Wednesday, October 07, 2009

Minute Maid Park, all to myself

I arrived at Minute Maid Park on Thursday and a friendly security guard warmly greeted me as workers nearby readied Union Station for a Women’s Chamber of Commerce event, a sure sign that baseball was done for the year.

“Do you folks offer tours of the ballpark?” I asked.

“Wait right here!” he said before running off to chase another employee, appearing again in a few minutes.

They told me to pop into the gift shop to buy a ticket and we’d be off. And when I came out, my new friends Damien and Jen were waiting and started spouting facts about the building’s life as a train station before the Astros arrived 10 years ago.

“Shouldn’t we wait for everyone else?” I asked.

“You’re it!” Damien said. “And that’s OK.”

So off we went on my personal tour of Minute Maid.

I was in Texas last week helping family, and my mother-in-law, who spoils me wildly, insisted that I have a day to myself once we were finished helping her sister to chemo and radiation treatments.

I had been to Minute Maid once before, in December 2004 when I was in Houston for an education writers’ conference. I had five minutes in the gift shop before it closed and managed to snap some photos outside in the dusk.

Thursday’s adventure was the extreme opposite, as we spent the morning exploring the ballpark from top to bottom, inside and out.

We started in the upper deck, where Damien pointed out the 900-ton retractable roof that closes in 13 minutes and the locomotive that moves across the leftfield wall at 10 miles an hour to start the game and after an Astros’ player hits a home run.

The roof is closed any time the temperature hits 85 degrees, which in Houston is most of the summer. The decision is made in the early afternoon because it takes two to three hours for the air-conditioning to cool down the seating area.

The windows above the 422 sign are the only breakable glass facing the field. That’s owner Drayton McLane’s office, and he promised $50,000 to any player who could hit a home run through the window. No one’s been able to hit the mark. Of course, the roof is closed most of the time.

The locomotive’s coal tender used to be filled with baseballs. But after the stadium’s name change, they were replaced with oranges. The problem is that the oranges are so big that people think they’re pumpkins, my guides told me.
We slipped inside to explore the club level. Here's Damien in Drayton McLane's suite. He said McLane tends to watch games from his seats behind home plate and uses the suite for clients and friends. I liked some of the small details, like the baseball pattern on the light shades.
Then we moved into the press box and broadcast booth. Leganday broadcaster Milo Hamilton -- that's him on the famous call of Hank Aaron's 715th home run -- has a special, customized chair. The team also has a display honoring broadasters in the Baseball Hall of Fame.

Here's the backdrop in the broadcast booth, our last stop before heading down onto the field.
My guide friends were awesome. They said it was OK if I stood on the on-deck circle, and even moved the hoses. Then we stepped into the dugout and posed for more photos.

There were two rows of benches, one close to the railing and the traditional one along the back wall, that was actually a two-level bench. It was a little hard to see the field, but easier when I sat on top.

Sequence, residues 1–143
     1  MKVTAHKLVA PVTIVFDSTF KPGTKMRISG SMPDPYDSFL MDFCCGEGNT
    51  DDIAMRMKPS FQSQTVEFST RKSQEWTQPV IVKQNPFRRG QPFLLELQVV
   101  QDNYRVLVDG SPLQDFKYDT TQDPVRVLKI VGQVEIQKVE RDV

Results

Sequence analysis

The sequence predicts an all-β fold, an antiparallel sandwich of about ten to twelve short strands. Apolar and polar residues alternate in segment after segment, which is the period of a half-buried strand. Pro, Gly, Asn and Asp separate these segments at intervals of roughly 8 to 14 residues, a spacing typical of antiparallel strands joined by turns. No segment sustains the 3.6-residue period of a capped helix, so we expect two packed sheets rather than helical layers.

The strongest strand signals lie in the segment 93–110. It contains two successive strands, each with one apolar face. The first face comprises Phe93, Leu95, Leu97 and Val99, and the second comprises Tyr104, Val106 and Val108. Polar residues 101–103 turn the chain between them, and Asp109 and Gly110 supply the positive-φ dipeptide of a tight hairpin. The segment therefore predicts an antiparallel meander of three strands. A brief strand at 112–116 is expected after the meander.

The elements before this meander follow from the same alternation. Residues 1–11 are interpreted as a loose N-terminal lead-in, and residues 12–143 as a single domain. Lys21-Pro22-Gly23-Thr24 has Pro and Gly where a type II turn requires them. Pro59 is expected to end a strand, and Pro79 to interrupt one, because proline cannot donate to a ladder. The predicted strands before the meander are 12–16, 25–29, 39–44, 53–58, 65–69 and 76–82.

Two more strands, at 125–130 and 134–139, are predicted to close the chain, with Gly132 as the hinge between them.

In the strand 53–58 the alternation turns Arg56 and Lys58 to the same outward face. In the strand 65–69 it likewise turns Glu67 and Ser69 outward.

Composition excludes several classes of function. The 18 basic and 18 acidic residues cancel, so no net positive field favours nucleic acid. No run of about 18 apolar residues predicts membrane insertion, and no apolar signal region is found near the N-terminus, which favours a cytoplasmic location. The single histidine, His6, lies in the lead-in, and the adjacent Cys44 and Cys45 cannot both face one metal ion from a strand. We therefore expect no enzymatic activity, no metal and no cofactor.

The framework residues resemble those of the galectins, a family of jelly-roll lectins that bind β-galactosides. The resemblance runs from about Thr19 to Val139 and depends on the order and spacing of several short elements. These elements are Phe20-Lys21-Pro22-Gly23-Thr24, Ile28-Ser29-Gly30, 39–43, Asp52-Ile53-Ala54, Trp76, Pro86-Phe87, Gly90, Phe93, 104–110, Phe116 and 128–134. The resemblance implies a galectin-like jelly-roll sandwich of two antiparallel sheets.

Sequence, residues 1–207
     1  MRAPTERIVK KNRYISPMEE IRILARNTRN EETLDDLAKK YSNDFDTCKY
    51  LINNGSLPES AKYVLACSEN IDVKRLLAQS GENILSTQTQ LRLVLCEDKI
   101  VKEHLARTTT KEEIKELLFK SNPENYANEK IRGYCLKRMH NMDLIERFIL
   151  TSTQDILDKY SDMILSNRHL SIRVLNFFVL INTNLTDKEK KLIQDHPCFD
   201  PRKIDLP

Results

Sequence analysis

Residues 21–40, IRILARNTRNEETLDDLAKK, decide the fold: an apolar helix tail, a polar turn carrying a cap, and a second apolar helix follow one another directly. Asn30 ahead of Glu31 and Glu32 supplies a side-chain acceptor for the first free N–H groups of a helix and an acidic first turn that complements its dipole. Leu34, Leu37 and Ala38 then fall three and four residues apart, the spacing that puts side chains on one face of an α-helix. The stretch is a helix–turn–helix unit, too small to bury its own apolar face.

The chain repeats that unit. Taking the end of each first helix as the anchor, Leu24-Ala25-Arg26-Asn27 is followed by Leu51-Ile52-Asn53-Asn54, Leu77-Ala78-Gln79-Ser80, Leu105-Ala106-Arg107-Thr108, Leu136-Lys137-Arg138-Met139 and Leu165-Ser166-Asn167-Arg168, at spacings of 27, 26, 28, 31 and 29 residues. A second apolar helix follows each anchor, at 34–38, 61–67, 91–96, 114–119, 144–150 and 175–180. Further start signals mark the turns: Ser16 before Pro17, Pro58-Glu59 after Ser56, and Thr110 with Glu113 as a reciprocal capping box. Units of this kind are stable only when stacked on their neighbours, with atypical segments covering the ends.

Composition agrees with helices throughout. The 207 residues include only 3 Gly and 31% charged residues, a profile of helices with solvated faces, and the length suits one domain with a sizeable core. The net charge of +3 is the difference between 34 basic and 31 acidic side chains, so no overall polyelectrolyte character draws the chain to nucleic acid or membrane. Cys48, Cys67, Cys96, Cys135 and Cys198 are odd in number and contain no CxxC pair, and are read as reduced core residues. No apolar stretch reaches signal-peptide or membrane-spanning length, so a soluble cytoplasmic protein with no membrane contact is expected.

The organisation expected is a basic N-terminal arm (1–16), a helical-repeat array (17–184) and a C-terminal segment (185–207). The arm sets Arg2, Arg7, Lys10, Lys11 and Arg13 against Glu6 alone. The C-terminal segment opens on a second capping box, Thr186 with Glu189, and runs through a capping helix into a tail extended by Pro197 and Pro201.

I realize there are a lot of people who don't like "Tal's Hill" in centerfield, but confess I love it! It's a feature unique to Minute Maid, at least in modern times,. Named after team President Tal Smith, the hill is a tribute to Crosley Field, which had a similar elevation. The flagpole is in play, like at Tiger Stadium, and has been hit on a fly only once.

Walking around the foul area and warning track, we slipped into the home bullpen. I was allowed everywhere except for the mounds, which were covered in a tarp because it takes the grounds crew several hours to manicure each.

The visitor’s bullpen is below the leftfield concourse and doesn’t get any sun, so the grass there is actually Astroturf from the Astrodome. Players enter through a gate that’s sort of hidden in the outfield wall padding.

The guides allowed me to pick up the vsitors' bullpen phone. It started ringing, but no one was in the dugout, so it was OK. I could just about hear Jerry yelling, "Get K-Rod up!"

The hand-operated scoreboard is accessible through the same gate, and there are two levels for several employees to scramble around and update out-of-town scores. It gets pretty stuffy and steamy. The gate leads to the field and the team doesn’t want non-players running around. So the rule is, once you’re inside the scoreboard, you’re there until the end of the game.

President George H.W. Bush and the former first lady have season tickets right behind home plate, sharing the row with McLane and his wife. Damien said it’s not unusual to see them at games, especially when the team is doing well.

The Diamond Club had some neat features. Just below these windows was a crystal model of the stadium that didn't photograph well. But it's neat because it's the only place in the entire ballpark that still reads, "Enron Field."

There were two of these boots, holdovers from the 2004 All-Star Game, famous, of course, for Roger Clemens gacking up six early runs.
The boot ended my official tour, but I kept exploring outside the ballpark. I liked how the sidewalks had baseball seams in them.

Then there was a little park area with bleachers and statues of Jeff Bagwell and Craig Biggio making a classic 4 to 3 play.


Anonymous said...

I am impressed, and I have seen a lot of things in my short 46 years. You are the man when it comes to getting tours, unbelievable pictures!!
Great job Dave!!

G-Fafif said...

Great tour!